Living standards and poverty
Single parents’ finances are often tight. Single parent families face a particularly high risk of poverty compared with other households. High living costs – particularly rent and utility bills – play a part. Limits to single parents’ incomes are another major factor – especially barriers to enter and progress in work and the disproportionate impact of welfare reform . Many single parents also don’t receive child maintenance from their child’s other parent.
Our research shows that single parents are often only just managing to make ends meet. As a result, many single parents have no choice but to borrow from friends and family, or financial lenders. The financially precarious positon of many single parent families also means that many aren’t able to save as they would wish – either for household expenses or for a pension. This insecurity can also take an emotional toll on single parents.
- Children in single parent families are twice at risk of living in poverty than those in couple families
- 20 per cent of single parent households were in persistent poverty in 2015, compared with 5 per cent of couple parents
- 14 per cent of single parent households were in fuel poverty in 2011, twice the risk faced by couple parents
- Benefits provide half the income needed for a basic decent standard of living for a single parent with a baby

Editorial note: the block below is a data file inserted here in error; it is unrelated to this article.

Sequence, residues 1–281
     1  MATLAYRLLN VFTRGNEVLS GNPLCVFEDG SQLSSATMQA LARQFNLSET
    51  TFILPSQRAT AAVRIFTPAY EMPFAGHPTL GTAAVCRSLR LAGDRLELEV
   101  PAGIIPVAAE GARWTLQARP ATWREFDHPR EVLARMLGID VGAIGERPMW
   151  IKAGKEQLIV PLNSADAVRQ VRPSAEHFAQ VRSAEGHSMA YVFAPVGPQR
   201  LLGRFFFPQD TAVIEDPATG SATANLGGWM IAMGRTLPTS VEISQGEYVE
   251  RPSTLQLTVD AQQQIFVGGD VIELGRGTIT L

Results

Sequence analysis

- Less than half of single parents have a child maintenance arrangement.
Single parents’ financial difficulties are due to a lack of income – whether barriers to work, unpaid child maintenance or insufficient state support – and high cost of living, rather than financial management.
Better support is needed to enable single parents to be financially secure – in order to provide a decent standard of living for their families, as well as ensure parents’ broader well-being.
Our goals for change
Gingerbread wants to see a benefit system which is fit for purpose – one that is linked to financial need, minimises use of benefit limits or suspensions and genuinely makes work pay. In particular, universal credit must be reformed to ensure financial security for families.
Action is needed from skills/training providers and employers to embed family-friendly practices, including adequate pay and flexible working, to make sure work is accessible and sustainable for single parents.
Both the government and financial providers also have a role to play in tackling debt prevention or families on a low income. This includes addressing the ‘poverty premium’ and limited access to affordable credit for those in financial hardship.